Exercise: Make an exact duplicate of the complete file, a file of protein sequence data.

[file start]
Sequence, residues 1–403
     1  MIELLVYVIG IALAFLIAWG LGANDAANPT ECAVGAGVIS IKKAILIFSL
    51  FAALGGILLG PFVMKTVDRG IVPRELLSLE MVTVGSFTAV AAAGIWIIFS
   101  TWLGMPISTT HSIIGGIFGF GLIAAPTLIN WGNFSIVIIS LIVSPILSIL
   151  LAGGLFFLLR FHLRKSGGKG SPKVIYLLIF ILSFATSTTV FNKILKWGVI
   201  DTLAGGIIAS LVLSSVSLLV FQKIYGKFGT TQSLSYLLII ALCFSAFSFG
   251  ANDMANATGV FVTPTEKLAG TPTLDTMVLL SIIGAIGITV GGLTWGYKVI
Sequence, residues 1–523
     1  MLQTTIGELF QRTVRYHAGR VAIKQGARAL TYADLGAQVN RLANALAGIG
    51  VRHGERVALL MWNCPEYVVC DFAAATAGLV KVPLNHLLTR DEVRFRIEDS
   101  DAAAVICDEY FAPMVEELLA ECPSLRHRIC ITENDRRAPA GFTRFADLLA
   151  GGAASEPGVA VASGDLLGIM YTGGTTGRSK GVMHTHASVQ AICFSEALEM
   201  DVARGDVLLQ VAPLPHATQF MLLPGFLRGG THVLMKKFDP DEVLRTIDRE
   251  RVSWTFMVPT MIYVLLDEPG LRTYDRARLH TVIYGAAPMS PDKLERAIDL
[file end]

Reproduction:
Sequence, residues 1–403
     1  MIELLVYVIG IALAFLIAWG LGANDAANPT ECAVGAGVIS IKKAILIFSL
    51  FAALGGILLG PFVMKTVDRG IVPRELLSLE MVTVGSFTAV AAAGIWIIFS
   101  TWLGMPISTT HSIIGGIFGF GLIAAPTLIN WGNFSIVIIS LIVSPILSIL
   151  LAGGLFFLLR FHLRKSGGKG SPKVIYLLIF ILSFATSTTV FNKILKWGVI
   201  DTLAGGIIAS LVLSSVSLLV FQKIYGKFGT TQSLSYLLII ALCFSAFSFG
   251  ANDMANATGV FVTPTEKLAG TPTLDTMVLL SIIGAIGITV GGLTWGYKVI
Sequence, residues 1–523
     1  MLQTTIGELF QRTVRYHAGR VAIKQGARAL TYADLGAQVN RLANALAGIG
    51  VRHGERVALL MWNCPEYVVC DFAAATAGLV KVPLNHLLTR DEVRFRIEDS
   101  DAAAVICDEY FAPMVEELLA ECPSLRHRIC ITENDRRAPA GFTRFADLLA
   151  GGAASEPGVA VASGDLLGIM YTGGTTGRSK GVMHTHASVQ AICFSEALEM
   201  DVARGDVLLQ VAPLPHATQF MLLPGFLRGG THVLMKKFDP DEVLRTIDRE
   251  RVSWTFMVPT MIYVLLDEPG LRTYDRARLH TVIYGAAPMS PDKLERAIDL